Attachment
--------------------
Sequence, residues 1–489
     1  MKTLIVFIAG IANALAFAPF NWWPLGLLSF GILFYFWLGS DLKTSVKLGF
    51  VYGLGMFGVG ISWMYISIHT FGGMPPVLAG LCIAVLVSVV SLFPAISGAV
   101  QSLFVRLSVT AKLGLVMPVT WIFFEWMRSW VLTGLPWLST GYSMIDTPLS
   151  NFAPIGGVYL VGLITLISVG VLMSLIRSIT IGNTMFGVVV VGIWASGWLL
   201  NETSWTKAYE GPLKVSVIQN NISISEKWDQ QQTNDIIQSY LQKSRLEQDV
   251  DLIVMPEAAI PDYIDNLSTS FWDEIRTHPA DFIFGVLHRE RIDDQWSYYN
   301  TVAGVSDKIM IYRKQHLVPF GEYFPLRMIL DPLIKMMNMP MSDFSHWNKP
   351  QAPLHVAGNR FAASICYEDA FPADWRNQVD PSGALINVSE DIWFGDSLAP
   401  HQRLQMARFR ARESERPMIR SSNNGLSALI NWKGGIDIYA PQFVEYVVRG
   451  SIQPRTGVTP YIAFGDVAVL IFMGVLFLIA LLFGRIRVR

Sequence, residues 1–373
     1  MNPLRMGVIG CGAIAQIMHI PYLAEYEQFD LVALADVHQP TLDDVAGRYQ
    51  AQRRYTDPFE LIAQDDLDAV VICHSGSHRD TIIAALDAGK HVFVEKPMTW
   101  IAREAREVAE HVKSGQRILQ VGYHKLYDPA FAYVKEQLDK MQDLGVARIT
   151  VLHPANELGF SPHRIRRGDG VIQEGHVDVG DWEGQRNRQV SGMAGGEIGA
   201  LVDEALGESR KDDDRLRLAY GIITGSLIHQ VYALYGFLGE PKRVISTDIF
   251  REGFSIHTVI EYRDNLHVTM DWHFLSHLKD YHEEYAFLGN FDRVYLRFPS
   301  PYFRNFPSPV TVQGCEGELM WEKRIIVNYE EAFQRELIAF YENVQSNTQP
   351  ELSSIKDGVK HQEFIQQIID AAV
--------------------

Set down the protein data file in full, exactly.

Sequence, residues 1–489
     1  MKTLIVFIAG IANALAFAPF NWWPLGLLSF GILFYFWLGS DLKTSVKLGF
    51  VYGLGMFGVG ISWMYISIHT FGGMPPVLAG LCIAVLVSVV SLFPAISGAV
   101  QSLFVRLSVT AKLGLVMPVT WIFFEWMRSW VLTGLPWLST GYSMIDTPLS
   151  NFAPIGGVYL VGLITLISVG VLMSLIRSIT IGNTMFGVVV VGIWASGWLL
   201  NETSWTKAYE GPLKVSVIQN NISISEKWDQ QQTNDIIQSY LQKSRLEQDV
   251  DLIVMPEAAI PDYIDNLSTS FWDEIRTHPA DFIFGVLHRE RIDDQWSYYN
   301  TVAGVSDKIM IYRKQHLVPF GEYFPLRMIL DPLIKMMNMP MSDFSHWNKP
   351  QAPLHVAGNR FAASICYEDA FPADWRNQVD PSGALINVSE DIWFGDSLAP
   401  HQRLQMARFR ARESERPMIR SSNNGLSALI NWKGGIDIYA PQFVEYVVRG
   451  SIQPRTGVTP YIAFGDVAVL IFMGVLFLIA LLFGRIRVR

Sequence, residues 1–373
     1  MNPLRMGVIG CGAIAQIMHI PYLAEYEQFD LVALADVHQP TLDDVAGRYQ
    51  AQRRYTDPFE LIAQDDLDAV VICHSGSHRD TIIAALDAGK HVFVEKPMTW
   101  IAREAREVAE HVKSGQRILQ VGYHKLYDPA FAYVKEQLDK MQDLGVARIT
   151  VLHPANELGF SPHRIRRGDG VIQEGHVDVG DWEGQRNRQV SGMAGGEIGA
   201  LVDEALGESR KDDDRLRLAY GIITGSLIHQ VYALYGFLGE PKRVISTDIF
   251  REGFSIHTVI EYRDNLHVTM DWHFLSHLKD YHEEYAFLGN FDRVYLRFPS
   301  PYFRNFPSPV TVQGCEGELM WEKRIIVNYE EAFQRELIAF YENVQSNTQP
   351  ELSSIKDGVK HQEFIQQIID AAV